Authors: Stephen W. Polk| Economics and Business Department at Colorado College, 14 East Cache la Poudre, Colorado Springs, Daniel K.N. Johnson| Economics and...
( 40 downloads)
Abstract

This paper aims to evaluate the impact of a microlending program on ameliorating measured poverty within its client population, with the aim of improving that impact. We analyze over 18,000 women micro-finance clients of the Negros Women for Tomorrow Foundation (NWTF), a database using the Progress out of Poverty (PPI) Scorecard as a measure of poverty. Analysis using both OLS and quantile multivariate regression models shows how observable borrower attributes affect the ability of clients to reduce their measured poverty. Loan size, duration, and the economic activity supported all have strongly identifiable effects. Moreover, estimates suggest which among the poor are receiving the greatest effective help by the program. Results offer specific advice to the NWTF and other micro-lenders: impact is greatest with fewer, larger loans in particular economic sectors (sari-sari, service and trade) but require patience as each additional year increases the client’s average change in poverty score.

Keywords: micro-finance, Grameen, poverty, quantile regression
A Quantile Regression Analysis of Micro-lending’s Poverty Impact

A Quantile Regression Analysis of Micro-lending’s Poverty Impact

Authors: Stephen W. Polk| Economics and Business Department at Colorado College, 14 East Cache la Poudre, Colorado Springs, Daniel K.N. Johnson| Economics and...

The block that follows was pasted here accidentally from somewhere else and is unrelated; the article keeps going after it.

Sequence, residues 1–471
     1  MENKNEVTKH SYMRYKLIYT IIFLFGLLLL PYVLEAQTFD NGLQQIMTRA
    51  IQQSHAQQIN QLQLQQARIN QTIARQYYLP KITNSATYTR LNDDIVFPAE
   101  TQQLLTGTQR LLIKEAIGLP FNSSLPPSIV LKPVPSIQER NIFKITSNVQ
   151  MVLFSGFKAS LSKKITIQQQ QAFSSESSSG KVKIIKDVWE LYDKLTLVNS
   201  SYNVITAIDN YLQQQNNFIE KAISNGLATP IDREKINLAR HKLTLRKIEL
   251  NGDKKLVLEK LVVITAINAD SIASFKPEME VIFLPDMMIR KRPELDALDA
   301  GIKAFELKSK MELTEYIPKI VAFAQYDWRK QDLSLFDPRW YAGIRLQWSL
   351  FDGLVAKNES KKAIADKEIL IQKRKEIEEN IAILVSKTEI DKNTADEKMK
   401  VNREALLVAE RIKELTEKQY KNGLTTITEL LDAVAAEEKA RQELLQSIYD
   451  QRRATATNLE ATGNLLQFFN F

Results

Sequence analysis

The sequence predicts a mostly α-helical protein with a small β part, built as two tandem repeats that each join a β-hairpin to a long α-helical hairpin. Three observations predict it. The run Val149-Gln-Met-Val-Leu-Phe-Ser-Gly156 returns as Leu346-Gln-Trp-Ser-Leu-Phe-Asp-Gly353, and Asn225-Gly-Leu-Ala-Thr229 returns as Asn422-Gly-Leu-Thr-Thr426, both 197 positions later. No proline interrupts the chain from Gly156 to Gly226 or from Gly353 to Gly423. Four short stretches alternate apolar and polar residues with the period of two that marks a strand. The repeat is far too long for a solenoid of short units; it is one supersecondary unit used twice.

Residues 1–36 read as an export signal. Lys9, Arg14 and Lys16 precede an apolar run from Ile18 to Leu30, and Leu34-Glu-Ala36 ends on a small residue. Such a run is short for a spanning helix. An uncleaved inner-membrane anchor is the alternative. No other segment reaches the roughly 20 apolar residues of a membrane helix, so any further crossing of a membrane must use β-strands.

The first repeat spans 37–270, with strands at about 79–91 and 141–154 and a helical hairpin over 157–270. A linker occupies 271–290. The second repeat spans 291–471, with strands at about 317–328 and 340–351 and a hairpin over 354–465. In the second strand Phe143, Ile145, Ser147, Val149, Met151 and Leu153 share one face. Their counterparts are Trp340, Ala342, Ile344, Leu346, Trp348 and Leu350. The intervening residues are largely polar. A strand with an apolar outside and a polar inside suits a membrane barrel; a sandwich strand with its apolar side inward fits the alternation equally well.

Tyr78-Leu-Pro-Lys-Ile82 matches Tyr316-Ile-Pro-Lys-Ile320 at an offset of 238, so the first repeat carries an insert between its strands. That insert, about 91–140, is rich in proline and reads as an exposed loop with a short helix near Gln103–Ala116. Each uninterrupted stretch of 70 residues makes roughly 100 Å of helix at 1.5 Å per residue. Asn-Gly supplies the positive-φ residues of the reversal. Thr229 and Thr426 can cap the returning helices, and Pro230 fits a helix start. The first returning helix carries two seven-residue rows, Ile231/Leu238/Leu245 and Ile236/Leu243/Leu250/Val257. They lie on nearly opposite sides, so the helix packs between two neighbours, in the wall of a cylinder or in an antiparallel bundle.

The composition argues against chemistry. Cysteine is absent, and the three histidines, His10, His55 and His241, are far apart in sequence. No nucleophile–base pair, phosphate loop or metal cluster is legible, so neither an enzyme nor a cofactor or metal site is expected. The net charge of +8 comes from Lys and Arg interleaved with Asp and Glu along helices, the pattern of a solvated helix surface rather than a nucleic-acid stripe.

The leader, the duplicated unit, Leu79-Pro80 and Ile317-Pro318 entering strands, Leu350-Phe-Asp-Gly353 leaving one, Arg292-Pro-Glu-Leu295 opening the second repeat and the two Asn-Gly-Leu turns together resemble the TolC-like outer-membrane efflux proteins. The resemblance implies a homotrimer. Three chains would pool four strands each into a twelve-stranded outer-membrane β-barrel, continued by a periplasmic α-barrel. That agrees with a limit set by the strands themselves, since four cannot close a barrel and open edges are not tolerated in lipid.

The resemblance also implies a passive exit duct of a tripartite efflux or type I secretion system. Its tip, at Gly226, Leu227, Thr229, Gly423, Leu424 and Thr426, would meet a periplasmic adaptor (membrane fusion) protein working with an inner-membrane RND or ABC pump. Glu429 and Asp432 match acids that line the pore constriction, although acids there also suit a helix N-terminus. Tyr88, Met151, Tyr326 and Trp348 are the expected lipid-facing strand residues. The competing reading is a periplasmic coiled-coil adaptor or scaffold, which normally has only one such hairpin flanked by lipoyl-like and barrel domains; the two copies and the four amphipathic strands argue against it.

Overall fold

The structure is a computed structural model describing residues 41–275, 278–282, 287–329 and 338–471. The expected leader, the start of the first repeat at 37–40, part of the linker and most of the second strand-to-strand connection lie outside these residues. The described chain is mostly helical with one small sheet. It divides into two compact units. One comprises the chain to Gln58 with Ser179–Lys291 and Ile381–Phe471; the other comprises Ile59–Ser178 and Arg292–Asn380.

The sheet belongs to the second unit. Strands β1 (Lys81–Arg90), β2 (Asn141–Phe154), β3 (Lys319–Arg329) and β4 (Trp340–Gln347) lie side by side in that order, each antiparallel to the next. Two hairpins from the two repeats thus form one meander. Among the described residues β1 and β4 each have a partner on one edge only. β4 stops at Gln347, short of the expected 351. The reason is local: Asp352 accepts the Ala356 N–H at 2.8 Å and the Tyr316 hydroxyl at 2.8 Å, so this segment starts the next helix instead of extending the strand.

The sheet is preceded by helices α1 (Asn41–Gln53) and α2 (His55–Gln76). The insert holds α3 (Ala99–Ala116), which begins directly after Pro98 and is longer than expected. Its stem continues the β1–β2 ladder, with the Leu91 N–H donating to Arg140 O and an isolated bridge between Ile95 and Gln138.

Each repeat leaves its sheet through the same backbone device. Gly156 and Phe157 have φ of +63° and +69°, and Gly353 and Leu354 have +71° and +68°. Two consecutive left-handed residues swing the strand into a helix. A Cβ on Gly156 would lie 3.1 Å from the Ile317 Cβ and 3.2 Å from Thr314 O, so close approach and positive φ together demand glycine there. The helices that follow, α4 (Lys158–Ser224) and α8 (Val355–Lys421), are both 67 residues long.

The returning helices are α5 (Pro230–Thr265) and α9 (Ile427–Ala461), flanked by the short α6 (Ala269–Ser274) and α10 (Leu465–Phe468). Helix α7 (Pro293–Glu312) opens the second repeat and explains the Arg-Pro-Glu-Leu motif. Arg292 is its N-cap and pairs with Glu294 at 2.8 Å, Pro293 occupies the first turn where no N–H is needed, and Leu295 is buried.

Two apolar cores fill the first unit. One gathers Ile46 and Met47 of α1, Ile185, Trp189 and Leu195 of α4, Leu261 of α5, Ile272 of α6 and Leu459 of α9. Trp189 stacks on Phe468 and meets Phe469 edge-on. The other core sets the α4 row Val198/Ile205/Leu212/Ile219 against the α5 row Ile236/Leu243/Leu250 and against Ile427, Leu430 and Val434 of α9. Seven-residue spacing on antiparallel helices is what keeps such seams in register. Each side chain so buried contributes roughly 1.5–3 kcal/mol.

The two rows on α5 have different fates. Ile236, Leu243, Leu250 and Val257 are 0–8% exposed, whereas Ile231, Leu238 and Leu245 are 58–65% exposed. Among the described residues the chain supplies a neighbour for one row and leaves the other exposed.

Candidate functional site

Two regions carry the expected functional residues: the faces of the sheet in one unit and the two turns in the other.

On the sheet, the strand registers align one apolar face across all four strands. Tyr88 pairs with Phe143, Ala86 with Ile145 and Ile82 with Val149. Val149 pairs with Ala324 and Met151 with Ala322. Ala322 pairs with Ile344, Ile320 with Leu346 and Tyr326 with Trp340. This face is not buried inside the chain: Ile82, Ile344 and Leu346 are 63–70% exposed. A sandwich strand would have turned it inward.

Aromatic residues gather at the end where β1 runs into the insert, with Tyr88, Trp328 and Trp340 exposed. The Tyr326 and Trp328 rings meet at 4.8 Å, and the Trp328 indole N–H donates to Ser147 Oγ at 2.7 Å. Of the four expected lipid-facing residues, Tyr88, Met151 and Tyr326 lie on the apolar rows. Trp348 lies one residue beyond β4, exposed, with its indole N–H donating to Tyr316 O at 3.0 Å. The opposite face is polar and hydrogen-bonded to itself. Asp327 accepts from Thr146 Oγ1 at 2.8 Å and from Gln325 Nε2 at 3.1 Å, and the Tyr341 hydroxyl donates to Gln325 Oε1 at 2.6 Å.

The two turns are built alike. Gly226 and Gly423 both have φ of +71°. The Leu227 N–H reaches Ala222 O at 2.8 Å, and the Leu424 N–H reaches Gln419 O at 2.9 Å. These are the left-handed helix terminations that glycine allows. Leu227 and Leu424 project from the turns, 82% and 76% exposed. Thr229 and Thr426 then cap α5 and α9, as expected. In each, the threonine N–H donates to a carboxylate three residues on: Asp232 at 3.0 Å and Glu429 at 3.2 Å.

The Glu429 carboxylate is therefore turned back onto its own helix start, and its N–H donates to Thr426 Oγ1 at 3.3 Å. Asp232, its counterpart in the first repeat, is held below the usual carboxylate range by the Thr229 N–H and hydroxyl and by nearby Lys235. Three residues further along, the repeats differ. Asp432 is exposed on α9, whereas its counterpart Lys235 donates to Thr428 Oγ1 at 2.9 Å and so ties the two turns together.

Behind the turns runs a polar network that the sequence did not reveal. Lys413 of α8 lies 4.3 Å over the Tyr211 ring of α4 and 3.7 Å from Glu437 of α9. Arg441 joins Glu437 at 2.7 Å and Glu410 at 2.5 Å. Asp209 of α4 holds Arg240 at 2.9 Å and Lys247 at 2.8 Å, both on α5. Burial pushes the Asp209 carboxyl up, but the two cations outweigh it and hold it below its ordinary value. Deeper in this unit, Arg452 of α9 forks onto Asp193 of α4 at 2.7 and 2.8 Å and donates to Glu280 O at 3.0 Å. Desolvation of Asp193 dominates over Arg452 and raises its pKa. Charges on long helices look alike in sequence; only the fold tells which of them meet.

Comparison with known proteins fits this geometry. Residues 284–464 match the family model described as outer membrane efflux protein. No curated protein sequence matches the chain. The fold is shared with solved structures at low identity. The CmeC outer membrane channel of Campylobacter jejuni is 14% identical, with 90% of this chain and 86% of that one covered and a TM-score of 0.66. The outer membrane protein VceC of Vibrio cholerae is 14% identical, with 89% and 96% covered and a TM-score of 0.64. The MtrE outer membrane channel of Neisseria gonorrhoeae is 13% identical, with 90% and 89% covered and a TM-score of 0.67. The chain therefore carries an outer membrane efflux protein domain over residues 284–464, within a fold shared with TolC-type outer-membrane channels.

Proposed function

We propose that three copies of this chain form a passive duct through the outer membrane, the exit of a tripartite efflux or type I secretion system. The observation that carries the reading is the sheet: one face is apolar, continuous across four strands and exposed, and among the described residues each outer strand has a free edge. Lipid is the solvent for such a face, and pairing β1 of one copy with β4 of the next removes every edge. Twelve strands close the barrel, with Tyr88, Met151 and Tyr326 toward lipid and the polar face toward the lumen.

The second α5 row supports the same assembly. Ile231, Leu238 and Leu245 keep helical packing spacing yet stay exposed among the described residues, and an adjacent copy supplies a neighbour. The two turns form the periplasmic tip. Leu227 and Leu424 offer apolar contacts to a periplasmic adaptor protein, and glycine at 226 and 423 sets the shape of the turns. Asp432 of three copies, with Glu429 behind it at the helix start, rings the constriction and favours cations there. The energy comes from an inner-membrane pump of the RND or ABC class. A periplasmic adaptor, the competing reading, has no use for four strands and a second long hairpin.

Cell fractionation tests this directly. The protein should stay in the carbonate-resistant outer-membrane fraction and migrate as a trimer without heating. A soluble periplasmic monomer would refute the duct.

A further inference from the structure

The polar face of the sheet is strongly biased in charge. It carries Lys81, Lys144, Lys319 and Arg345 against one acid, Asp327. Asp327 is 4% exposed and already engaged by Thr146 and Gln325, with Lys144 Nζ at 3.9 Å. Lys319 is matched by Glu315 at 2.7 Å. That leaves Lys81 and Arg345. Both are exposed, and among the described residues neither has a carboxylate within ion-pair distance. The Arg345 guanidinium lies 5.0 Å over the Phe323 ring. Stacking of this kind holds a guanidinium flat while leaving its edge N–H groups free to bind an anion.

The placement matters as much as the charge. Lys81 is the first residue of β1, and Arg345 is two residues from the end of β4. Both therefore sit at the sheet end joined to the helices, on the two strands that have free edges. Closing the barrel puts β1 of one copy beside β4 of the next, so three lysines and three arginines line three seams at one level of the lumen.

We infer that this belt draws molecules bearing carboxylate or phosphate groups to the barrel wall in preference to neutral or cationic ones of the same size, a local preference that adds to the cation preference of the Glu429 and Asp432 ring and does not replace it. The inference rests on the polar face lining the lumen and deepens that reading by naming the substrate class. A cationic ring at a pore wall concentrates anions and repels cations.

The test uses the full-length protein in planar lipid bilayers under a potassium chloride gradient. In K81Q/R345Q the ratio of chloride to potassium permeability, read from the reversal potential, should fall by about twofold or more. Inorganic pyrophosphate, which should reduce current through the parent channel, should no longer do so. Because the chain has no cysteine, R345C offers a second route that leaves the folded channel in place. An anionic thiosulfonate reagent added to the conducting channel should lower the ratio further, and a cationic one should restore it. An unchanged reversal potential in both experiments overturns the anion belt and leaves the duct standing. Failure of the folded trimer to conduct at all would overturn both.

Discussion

( 36 downloads)
Abstract

This paper aims to evaluate the impact of a microlending program on ameliorating measured poverty within its client population, with the aim of improving that impact. We analyze over 18,000 women micro-finance clients of the Negros Women for Tomorrow Foundation (NWTF), a database using the Progress out of Poverty (PPI) Scorecard as a measure of poverty. Analysis using both OLS and quantile multivariate regression models shows how observable borrower attributes affect the ability of clients to reduce their measured poverty. Loan size, duration, and the economic activity supported all have strongly identifiable effects. Moreover, estimates suggest which among the poor are receiving the greatest effective help by the program. Results offer specific advice to the NWTF and other micro-lenders: impact is greatest with fewer, larger loans in particular economic sectors (sari-sari, service and trade) but require patience as each additional year increases the client’s average change in poverty score.

Keywords: micro-finance, Grameen, poverty, quantile regression
Good Money’ Chasing ‘Bad Money’: Implications for MFIs Management and Governance in Ghana

Good Money’ Chasing ‘Bad Money’: Implications for MFIs Management and Governance in Ghana

Authors: James Atta Peprah| Department of Economics University of Cape Coast Cape Coast Ghana
( 40 downloads)
Abstract

Despite the conviction that microfinance is able to reduce poverty among low income groups, one challenge that still remains in the sector is high default rate.